Posted January 14, 2021
The trade war with China is forcing U.S. shippers to look for new sources of low-cost consumer goods. Southeast seaports are benefitting from those switches as shippers opt for lower cost and more accessible gateways.
The value of China’s exports to the U.S. are down 12.3 percent through the first half of 2019 to $219 billion. The drop stems from President Donald Trump’s escalation of tariffs against China with another 10 percent tariff slated to take effect this coming September 1 and December 15 on $300 billion worth of imports coming from China.
The tariffs continue to raise the cost of sourcing from China. Chinese-made goods carry an average tariff rate of 18.3 percent, according to the Petersen Institute for International Economics, up from an average 3.1 percent in 2017.
The natural result is that U.S. shippers are using other low-cost countries to replace Chinese manufacturing. More of the goods from those countries are reaching the U.S. outside of its biggest seaports, according to intermodal executives.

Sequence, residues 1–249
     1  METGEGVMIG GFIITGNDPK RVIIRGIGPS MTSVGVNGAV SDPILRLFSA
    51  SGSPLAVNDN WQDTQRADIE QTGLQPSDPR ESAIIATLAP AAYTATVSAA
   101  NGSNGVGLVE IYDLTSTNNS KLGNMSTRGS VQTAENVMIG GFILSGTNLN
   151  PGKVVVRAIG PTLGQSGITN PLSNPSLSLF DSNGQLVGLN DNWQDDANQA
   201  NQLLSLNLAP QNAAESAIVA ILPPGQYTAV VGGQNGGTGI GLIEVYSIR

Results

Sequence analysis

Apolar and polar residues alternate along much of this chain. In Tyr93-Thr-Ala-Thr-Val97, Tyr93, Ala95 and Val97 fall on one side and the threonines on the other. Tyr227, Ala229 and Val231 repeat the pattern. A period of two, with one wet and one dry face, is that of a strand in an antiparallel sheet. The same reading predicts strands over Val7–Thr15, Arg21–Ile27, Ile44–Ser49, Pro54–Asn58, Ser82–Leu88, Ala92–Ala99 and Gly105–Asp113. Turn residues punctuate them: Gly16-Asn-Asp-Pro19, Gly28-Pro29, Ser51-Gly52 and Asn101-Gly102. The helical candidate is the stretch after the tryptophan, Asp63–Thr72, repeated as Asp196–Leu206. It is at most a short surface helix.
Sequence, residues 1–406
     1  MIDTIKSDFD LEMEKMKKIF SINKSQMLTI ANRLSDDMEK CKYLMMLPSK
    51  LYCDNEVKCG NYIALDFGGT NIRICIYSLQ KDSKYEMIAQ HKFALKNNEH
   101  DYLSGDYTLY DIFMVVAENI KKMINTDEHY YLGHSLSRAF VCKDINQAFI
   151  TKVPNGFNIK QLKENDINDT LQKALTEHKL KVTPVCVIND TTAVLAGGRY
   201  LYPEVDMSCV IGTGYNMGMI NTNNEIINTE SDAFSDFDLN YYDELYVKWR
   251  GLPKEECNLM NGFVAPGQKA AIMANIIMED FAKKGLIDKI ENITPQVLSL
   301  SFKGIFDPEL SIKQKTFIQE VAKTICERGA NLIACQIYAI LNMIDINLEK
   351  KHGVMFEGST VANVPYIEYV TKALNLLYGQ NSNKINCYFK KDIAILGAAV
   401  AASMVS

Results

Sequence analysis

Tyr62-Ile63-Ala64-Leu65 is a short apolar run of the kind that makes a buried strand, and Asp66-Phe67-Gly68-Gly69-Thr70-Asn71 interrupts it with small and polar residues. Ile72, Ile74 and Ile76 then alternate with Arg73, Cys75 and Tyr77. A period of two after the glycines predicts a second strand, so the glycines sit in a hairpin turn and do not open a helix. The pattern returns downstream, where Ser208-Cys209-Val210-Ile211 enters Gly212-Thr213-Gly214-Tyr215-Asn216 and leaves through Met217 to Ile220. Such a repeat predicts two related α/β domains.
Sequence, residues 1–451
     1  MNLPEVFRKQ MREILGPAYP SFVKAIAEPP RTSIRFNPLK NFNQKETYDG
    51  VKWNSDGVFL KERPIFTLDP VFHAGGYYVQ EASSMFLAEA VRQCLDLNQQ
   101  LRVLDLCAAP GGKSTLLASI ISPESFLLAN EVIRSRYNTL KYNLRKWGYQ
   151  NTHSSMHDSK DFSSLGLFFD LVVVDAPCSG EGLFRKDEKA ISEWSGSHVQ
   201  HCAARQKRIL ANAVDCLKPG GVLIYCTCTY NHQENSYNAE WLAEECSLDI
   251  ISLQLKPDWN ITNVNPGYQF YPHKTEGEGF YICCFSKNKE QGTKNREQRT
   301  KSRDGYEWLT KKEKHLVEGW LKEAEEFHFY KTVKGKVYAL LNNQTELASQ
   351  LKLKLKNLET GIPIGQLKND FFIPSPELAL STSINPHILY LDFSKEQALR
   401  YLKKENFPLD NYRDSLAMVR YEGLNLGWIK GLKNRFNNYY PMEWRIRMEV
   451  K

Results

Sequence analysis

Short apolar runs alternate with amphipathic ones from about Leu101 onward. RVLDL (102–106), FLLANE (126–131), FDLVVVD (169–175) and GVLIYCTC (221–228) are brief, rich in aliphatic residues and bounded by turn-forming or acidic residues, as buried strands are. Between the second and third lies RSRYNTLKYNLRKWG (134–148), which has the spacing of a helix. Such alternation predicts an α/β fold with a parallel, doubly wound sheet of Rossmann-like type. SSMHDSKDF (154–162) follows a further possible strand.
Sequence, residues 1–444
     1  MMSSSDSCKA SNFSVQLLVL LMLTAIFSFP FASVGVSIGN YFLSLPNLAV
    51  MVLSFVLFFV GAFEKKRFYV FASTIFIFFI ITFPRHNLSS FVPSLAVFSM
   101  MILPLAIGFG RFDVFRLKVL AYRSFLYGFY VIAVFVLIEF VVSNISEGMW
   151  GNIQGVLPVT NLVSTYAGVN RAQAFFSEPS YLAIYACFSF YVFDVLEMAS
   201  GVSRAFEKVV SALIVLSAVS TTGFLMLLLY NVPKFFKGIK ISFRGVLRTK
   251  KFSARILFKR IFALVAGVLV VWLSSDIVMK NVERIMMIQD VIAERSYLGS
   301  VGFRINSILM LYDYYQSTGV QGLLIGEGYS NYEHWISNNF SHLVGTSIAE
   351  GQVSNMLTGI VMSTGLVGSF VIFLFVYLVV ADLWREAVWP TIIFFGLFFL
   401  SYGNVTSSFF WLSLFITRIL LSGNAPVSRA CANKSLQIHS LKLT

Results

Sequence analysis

“We are seeing a realignment of steamship service strings from China to other exporters like Vietnam, Indonesia and Cambodia,” RoadOne Chief Executive Officer Ken Kellaway told FreightWaves in an interview. “Some of the inbound containers are shifting a little because the ports might not have the right string to service those new sources.”